How to increase democratic legitimacy in nuclear weapons deployment

Inaugural lecture Michal Onderco
Marie Nemeckova, Peace Research Center Prague

Nuclear weapons are an essential element in European security. It is believed that the United States, as part of NATO's nuclear umbrella, is stationing atomic weapons as part of so-called 'nuclear sharing' in five European countries, including the Netherlands. But how democratic is such an unpopular deployment, and how can leaders increase the legitimacy of this policy? Prof Michal Onderco will address these questions in his inaugural lecture at Erasmus University Rotterdam on 8 December.

Contributing to the nuclear weapons task within NATO is very unpopular with the general public. Onderco asks whether the current policy of contributing to the atomic weapons task is then undemocratic. Not only was the presence of weapons on Dutch soil never confirmed, but its grounds are also unclear. In his speech, Onderco uses recent insights into policy-making in a democratic society where leaders face two types of pressure - the pressure to respond to public demands and the pressure to pursue responsible policies. The responsibility calls to contribute to nuclear weapons tasking, also given alliance obligations. 

Onderco argues that it is relatively easy for policymakers to use responsibility-based arguments. It is because nuclear policy is mainly made by experts, far from the public eye, has an important international dimension and receives little public attention. Onderco: "However, this does not give leaders carte blanche to ignore public opinion. Instead, in my lecture, I show that there are numerous ways in which technocratic leaders can enhance the democratic legitimacy of existing policies."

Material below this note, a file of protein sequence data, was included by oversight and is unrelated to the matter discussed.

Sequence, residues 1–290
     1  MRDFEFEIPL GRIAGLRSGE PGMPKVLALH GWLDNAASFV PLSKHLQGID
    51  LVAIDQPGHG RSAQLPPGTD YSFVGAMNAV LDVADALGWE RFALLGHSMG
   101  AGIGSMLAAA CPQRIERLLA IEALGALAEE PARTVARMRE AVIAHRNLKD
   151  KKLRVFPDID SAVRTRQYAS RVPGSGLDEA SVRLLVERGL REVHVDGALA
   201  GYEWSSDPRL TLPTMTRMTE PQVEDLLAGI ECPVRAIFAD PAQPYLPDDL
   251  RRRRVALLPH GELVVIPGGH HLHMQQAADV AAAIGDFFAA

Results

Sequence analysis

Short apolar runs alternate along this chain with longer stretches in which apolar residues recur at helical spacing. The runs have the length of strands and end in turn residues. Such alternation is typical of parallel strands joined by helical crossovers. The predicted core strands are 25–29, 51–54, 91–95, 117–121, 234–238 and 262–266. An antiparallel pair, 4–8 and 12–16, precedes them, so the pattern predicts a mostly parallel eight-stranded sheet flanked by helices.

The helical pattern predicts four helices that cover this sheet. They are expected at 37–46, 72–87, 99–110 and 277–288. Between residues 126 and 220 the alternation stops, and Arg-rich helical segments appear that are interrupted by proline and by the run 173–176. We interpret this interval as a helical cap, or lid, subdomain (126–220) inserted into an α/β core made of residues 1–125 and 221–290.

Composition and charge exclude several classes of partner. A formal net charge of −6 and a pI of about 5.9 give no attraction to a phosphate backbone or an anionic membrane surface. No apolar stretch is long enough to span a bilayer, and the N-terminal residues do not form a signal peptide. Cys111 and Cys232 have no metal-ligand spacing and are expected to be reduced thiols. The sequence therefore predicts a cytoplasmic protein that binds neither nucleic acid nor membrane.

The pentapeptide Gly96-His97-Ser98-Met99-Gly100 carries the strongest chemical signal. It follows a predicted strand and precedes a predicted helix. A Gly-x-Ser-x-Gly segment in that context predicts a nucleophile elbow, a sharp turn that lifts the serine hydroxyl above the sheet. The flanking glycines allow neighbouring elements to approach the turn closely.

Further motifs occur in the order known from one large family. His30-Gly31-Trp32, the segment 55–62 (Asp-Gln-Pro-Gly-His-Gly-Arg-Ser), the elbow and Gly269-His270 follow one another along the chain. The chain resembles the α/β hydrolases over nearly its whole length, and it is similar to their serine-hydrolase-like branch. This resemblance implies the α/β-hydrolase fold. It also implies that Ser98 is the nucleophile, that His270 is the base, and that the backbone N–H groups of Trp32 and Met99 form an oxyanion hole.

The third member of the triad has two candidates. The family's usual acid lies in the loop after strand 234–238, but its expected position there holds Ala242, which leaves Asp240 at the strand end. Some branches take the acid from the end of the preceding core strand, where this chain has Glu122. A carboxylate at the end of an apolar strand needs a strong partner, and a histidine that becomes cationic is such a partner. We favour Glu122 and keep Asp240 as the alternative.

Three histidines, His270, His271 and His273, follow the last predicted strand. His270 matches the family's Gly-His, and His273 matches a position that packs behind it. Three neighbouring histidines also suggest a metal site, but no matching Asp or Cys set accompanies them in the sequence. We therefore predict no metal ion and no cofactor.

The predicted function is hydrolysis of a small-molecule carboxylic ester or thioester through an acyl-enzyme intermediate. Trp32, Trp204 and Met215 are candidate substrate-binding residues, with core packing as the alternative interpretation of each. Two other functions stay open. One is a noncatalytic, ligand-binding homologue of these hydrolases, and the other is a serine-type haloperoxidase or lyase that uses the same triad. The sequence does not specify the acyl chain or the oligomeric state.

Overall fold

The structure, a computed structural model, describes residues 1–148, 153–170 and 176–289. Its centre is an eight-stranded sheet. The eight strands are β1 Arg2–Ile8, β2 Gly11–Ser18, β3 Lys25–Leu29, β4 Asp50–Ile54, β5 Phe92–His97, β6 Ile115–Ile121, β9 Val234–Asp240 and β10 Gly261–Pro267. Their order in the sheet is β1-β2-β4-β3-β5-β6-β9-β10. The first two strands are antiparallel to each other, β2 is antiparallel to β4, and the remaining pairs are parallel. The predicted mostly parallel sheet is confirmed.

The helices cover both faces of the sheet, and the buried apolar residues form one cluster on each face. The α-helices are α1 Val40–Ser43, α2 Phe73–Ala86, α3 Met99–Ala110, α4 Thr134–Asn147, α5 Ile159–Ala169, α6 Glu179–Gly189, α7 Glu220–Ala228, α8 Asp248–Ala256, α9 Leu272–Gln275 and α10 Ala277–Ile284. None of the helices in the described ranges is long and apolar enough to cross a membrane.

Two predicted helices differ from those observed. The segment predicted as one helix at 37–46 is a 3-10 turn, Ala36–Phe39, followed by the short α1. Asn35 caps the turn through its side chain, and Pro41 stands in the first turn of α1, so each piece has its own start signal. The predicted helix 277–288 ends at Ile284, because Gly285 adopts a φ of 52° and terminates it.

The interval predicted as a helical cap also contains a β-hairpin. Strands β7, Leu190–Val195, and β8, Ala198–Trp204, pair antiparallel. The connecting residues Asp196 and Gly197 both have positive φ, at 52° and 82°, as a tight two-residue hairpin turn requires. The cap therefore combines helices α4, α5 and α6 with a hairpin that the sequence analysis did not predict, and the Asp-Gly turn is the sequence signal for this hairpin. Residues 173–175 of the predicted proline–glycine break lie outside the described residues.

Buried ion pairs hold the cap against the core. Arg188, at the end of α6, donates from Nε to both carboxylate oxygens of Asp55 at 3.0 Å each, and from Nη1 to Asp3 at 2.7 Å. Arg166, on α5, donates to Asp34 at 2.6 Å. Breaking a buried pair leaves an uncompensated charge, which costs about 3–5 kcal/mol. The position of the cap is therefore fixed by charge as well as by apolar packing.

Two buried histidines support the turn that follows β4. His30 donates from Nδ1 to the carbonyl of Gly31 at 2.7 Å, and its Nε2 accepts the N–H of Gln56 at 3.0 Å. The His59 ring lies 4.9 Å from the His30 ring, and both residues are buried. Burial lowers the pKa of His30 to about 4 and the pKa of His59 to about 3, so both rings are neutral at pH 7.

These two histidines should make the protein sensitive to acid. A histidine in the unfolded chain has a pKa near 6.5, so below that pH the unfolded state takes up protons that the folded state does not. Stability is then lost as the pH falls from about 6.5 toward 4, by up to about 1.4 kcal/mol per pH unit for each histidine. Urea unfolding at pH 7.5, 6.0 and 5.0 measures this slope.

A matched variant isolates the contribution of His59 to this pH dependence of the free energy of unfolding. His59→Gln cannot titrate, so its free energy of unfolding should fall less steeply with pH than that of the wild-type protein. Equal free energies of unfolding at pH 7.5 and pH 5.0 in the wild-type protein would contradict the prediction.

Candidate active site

About Michal Onderco

Prof.dr. Michal Onderco has been appointed professor of International Relations at Erasmus University Rotterdam from the 1st of July 2022. His research focuses on international security. He has published two monographs, edited three volumes and published almost 30 papers in leading international journals. In 2018-2019, he was a Junior Faculty Fellow at Stanford University; in 2014-2015, he was a Max Weber Fellow at the European University Institute in Florence. Onderco regularly wins (international) grants in the field of nuclear security and defence.

More information

Lecture starts at 16.00 in the Aula in the Erasmus Building at the Erasmus University Rotterdam. Burgemeester Oudlaan 50

If you are unable to attend, you can also attend the inaugural lecture via livestream:

Marjolein Kooistra, communications ESSB, 06 83676038 |

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